Gotham Therapeutics Launches in New York City with $54 Million Series A Financing


Gotham Therapeutics launched in New York with a $54 million Series A financing. The round was co-led by founding investor Versant Ventures, Forbion and S.R. One. The investment syndicate included Celgene Corporation and Alexandria Venture Investments.

Gotham is built on the discoveries of co-founder Samie Jaffrey, a professor of pharmacology at Weill Cornell Medicine. The focus is on a subgroup of RNA metabolism called epitranscriptomics. This involves the biochemical modifications of RNA within a cell, which have an impact on gene expression.

The company used seed funding to build a platform that assesses how RNA-modifying proteins affect disease biology. They also developed small molecules against priority targets. The funds raised will be used to establish proof of concept and to invest in a pipeline of preclinical compounds.

“As we pursue several important targets, the information we glean will help us further validate and build our platform for increasingly broad applications,” said Lee Babiss, Gotham’s chief executive officer, in a statement. “Our goal is to become the leader in drugging key proteins that modulate mRNA functionality, thereby impacting disease onset and progression.”

Babiss is a former president of Pharma Research at Roche. He was also the chief scientific officer at PPD and Head of Human Genetics and Personalized Healthcare at Glaxo Wellcome.

The company’s board of directors includes Babbis, Carlo Rizzuto, Partner at Versant, and Jill Carroll, Principal at SR One. Jorge DiMartino, vice president, Translational Development Oncology at Celgene and Head of Celgene’s Epigenetics Thematic Center of Excellence, is on the board as an observer.

“While academic research and pharmaceutical industry focused initially on modifications of DNA, a growing body of evidence indicates that mRNA modifications help determine to which degree genes are translated into proteins,” Jaffrey stated. “RNA modifications and their associated protein complexes therefore represent an untapped frontier that could yield new therapeutic approaches.”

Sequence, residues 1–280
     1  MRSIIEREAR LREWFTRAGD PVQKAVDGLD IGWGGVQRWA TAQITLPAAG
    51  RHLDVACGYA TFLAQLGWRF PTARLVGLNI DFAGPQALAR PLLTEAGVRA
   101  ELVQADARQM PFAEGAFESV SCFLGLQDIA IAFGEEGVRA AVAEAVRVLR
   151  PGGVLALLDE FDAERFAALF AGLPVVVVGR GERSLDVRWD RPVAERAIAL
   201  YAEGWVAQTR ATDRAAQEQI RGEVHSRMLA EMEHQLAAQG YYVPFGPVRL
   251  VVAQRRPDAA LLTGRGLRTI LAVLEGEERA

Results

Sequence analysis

Gotham, located in New York City, also has a subsidiary near Munich, Germany. New York isn’t typically a big site of biotech startups, despite efforts to make it so. Xconomy notes, “Over the last several years, the city has made a concerted effort to bolster its startup biotech scene. City and state governments have committed more than $1 billion to growing New York’s biotech industry. Several startup incubators have sprouted up, and startup creators like Versant and Flagship Pioneering have arrived.”

Versant actually operates a biotech incubator in New York City, but Gotham is not part of that.

Another company, Accent Therapeutics, launched in May to target RNA-modifying enzymes in oncology. It took off with a $40 million financing. The investors were The Column Group, Atlas Venture and EcoR1 Capital. Accent, like so many other biotech startups, is located in Cambridge, Mass.

The U.S. Food and Drug Administration (FDA) approved the first-ever RNA interference (RNAi) drug, Onpattro (patisiran) in August from Alnylam Pharmaceuticals. Onpattro is approved to treat polyneuropathy of hereditary transthyretin-mediated (hATTR) amyloidosis in adults. hATTR amyloidosis is a rare disease that affects about 50,000 people worldwide. In addition to polyneuropathy, a degeneration of peripheral nerves, it can lead to significant disabilities that include loss of ambulation that can lead to the inability to walk and a decline in cardiac function.

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